Official newspaper of The University of Texas at Austin

The Daily Texan

Official newspaper of The University of Texas at Austin

The Daily Texan

Official newspaper of The University of Texas at Austin

The Daily Texan

Advertise in our classifieds section
Your classified listing could be here!
October 4, 2022

Learn from system-impacted individuals

Natan Murillo

Texas has an incredibly large prison population that stands out internationally. Mass incarceration found a home here, and Austin is no exception. In Travis County alone, there are 2,294 people in jail. 

Incarceration is a piece of every community, but when we talk about our city, we often forget to include those who are system-impacted or part of the prison population. As a government student, my exposure to this community informs how I look at our country’s systems, forcing me to think more critically about the problems that Americans face. 

UT students can grow their perspective and help system-impacted individuals through volunteer work and engagement with community-based organizations. 

System-impacted individuals continue to face collateral consequences, sanctions, restrictions or disqualifications that stem from their criminal history. Political rights, like the ability to vote, and social rights, like access to housing assistance, are affected even after they leave the criminal justice system, regardless of why they served time.  

“There’s still social resistance to employment, to housing, where we’re restricted because of our felony convictions, and there’s still the barrier of education, one of the number-one guarantors of prevention for recidivism,” said Robert Lilly, a criminal justice participatory defense organizer for Grassroots Leadership

Not only do system-impacted people face barriers to reentry, but they are also negatively impacted by the societal stereotypes placed upon them. 

“No matter what progress we make individually, we are still seen as a group, and so if one person reoffends or one parolee acts out, the likelihood is that all of us can be tainted from that person’s choices,” Lilly said.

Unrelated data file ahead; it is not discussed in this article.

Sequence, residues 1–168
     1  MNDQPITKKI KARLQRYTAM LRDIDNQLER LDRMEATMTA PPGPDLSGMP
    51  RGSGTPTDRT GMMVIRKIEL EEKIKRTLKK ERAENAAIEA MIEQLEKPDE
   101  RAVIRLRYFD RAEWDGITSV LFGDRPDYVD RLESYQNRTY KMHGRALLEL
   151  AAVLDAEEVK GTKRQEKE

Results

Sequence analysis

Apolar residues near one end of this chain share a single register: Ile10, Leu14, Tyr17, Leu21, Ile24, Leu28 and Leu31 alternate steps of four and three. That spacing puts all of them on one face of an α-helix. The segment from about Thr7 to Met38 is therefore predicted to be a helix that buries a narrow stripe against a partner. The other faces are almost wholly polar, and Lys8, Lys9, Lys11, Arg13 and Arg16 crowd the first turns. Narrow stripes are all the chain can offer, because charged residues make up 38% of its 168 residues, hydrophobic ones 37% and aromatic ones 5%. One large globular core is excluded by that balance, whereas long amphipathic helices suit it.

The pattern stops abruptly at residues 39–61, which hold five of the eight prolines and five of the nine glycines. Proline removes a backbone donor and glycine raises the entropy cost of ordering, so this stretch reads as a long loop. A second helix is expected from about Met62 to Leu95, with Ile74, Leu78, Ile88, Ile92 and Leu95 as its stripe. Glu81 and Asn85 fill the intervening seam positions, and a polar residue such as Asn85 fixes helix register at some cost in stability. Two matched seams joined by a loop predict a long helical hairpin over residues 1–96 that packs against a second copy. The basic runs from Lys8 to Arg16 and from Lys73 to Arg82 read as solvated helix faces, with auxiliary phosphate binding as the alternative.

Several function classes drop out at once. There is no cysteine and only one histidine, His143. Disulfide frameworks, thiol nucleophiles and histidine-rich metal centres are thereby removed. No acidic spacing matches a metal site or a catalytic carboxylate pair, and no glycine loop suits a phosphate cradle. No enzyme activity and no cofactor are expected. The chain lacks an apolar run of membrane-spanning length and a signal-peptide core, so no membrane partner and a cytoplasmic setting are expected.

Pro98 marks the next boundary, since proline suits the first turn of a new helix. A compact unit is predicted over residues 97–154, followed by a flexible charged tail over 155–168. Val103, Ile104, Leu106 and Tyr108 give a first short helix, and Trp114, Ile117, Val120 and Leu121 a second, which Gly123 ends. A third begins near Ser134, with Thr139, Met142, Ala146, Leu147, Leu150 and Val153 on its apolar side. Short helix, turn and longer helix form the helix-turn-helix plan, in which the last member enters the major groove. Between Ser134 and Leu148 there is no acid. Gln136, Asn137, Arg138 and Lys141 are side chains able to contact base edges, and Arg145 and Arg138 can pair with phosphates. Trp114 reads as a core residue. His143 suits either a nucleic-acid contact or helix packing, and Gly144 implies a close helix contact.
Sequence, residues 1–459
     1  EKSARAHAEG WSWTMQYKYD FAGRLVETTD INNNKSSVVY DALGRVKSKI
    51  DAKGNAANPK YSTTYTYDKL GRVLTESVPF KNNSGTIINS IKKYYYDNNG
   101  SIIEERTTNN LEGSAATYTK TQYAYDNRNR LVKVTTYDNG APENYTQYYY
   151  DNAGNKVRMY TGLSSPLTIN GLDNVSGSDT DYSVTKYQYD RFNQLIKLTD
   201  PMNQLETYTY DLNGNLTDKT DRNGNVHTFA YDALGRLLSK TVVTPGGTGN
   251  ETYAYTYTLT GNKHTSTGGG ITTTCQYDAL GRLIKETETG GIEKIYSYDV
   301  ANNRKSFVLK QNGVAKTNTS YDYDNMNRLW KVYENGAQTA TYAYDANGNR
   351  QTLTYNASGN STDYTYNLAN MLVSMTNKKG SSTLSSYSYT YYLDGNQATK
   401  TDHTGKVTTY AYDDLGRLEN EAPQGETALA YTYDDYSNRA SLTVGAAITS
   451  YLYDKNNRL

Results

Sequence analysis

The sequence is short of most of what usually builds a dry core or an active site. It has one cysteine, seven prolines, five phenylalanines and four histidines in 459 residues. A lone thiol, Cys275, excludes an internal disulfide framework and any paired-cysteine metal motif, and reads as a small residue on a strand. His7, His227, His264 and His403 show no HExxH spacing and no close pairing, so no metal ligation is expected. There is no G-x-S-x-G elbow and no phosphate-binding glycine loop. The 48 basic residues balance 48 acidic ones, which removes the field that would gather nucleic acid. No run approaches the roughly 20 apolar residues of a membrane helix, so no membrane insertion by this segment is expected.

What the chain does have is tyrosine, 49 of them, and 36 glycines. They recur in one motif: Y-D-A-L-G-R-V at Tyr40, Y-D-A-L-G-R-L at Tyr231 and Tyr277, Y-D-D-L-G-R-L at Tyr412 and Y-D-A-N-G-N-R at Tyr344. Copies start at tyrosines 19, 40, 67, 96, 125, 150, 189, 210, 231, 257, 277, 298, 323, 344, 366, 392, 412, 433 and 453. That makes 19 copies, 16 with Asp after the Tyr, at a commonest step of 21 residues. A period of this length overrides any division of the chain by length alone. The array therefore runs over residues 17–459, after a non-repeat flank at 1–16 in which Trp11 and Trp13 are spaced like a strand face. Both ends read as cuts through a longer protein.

By educating themselves on the issues that system-impacted individuals face, UT students can help this community push past barriers and better connect with the rest of Austin. 

“There’s so many ways that our society divides people up and it becomes difficult to see connection or commonality, and this is just one of them,” said Michael Hames-Garcia, a Mexican American & Latina/o studies professor and director of education for the Initiative for Law, Societies and Justice. “Whatever we can do to break those barriers down and see people as complex humans, that enriches students’ lives and gives them an opportunity to understand what the world looks like from the perspective of someone who’s completely different.”

Students can learn from system-impacted people and help change preconceived notions through volunteering with groups like Grassroots Leadership, Texas Center for Justice and Equality and Austin Justice Coalition. By picking up the phone and reaching out to organizations that serve system-impacted individuals, we can lead within our community.

Interacting with system-impacted people can expose us to experiences we cannot otherwise understand. 

These organizations have a need for research and also run programs where students can take on active roles in the community. Run by Grassroots Leadership, the Texas Advocates for Justice Program observes courtrooms to hold them accountable and ensures public opinion is present in these spaces. Students can also volunteer to go to a prison, share their experiences and learn from those currently in the system.

“(Through their work), students must realize that just because someone has been incarcerated  doesn’t once again disqualify them from being a human being,” Lilly said. “It’s just about realizing that this person may be uncertain about everything that you might consider the norm or that you take for granted.”

System-impacted individuals deserve our understanding, focus and attention. There is so much we can learn from them, and we must take an active role by seizing the opportunity to help our community. 

Muthukrishnan is a government and race, indigeneity and migration sophomore from Los Gatos, California.

More to Discover
About the Contributor
Sonali Muthukrishnan, Associate opinion editor